Image from PBS Kids for Parents.

Popsicle Stick Explosion

Woven popsicle sticks are a blend of art, math, science and just enough mischief to make it an engineering feat of awesomeness!

  • Challenging
  • A Little Messy
  • 15 Minutes
  • Indoor

You Will Need

  • Large craft sticks – tongue depressor size work best, but popsicle sticks can also be used

  • A large flat surface area like the floor or a cleared table


  1. Younger scientists may need a little help in getting started. An extra pair of hands is often necessary while building the structure.
  2. Start weaving:
  3. Image from PBS Kids for Parents.
  4. The key thing to remember is that the vertical sticks run in an over/under pattern as seen in the photos above. Whenever the outside vertical sticks are on top, you’ll run a horizontal stick under them and over the center vertical line.
  5. Weave sticks until you’ve reached the desired length. End by placing a horizontal stick across the vertical ones to hold the stick bomb in place until you’re ready to release.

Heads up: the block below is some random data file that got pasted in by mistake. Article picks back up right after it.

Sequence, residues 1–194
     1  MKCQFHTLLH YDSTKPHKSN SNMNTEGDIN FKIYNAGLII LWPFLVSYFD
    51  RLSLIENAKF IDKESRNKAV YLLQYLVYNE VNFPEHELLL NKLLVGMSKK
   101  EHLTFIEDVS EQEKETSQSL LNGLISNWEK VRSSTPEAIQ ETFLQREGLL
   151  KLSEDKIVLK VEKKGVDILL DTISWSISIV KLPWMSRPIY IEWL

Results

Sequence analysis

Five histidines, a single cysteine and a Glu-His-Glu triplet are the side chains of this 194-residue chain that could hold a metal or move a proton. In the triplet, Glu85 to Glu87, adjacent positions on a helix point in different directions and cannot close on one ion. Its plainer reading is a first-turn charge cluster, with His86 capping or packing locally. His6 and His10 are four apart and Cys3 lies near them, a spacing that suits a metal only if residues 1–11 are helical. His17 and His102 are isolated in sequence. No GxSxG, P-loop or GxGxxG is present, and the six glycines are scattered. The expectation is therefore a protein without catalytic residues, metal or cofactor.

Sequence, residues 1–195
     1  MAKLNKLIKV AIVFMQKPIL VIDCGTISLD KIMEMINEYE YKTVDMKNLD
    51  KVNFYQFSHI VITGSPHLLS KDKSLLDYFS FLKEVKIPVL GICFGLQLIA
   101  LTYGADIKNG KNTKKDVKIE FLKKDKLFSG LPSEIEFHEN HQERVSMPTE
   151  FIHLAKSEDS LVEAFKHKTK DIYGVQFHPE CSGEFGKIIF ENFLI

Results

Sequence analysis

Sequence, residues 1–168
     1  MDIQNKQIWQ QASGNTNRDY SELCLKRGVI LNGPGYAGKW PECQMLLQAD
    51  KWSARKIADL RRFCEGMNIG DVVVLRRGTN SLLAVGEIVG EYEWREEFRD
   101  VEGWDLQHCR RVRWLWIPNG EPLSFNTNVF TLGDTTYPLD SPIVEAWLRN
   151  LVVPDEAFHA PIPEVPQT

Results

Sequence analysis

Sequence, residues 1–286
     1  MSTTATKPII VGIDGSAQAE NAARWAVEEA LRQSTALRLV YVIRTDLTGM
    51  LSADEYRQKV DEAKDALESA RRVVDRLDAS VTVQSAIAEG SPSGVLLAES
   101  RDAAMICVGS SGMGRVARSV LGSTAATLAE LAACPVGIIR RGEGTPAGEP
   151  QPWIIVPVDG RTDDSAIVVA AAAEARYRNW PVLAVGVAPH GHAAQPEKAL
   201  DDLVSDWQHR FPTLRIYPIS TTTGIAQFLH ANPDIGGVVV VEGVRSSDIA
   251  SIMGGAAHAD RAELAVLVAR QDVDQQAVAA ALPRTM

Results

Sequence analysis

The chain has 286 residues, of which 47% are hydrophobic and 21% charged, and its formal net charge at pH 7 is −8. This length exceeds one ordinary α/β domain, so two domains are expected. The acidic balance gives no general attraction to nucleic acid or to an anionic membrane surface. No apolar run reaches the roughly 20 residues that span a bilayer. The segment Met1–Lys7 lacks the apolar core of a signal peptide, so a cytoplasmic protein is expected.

6. When you’re ready, simply remove the last piece. Ka-boom!

Troubleshooting Tips

  • To help avoid accidental detonation, use books to hold the chain down as you go. This way if the section that you are working on explodes, you will not lose the whole chain.


  • What happens if you layer two sticks on top of each other for each piece of the structure? Will it double the amount of potential energy?
  • Many different styles of “weaves” can be done to achieve different blasts. Invent your own or search the Internet for other designs you can try!

How it works

The sticks get their kinetic energy from the stored potential energy derived from bending them under and on top of each other. Pull one stick from the structure and it releases the energy from the first link and a rush of kinetic energy flows through the chain!

Key Words

Potential Energy
Stored energy
Kinetic Energy
The energy of an object in motion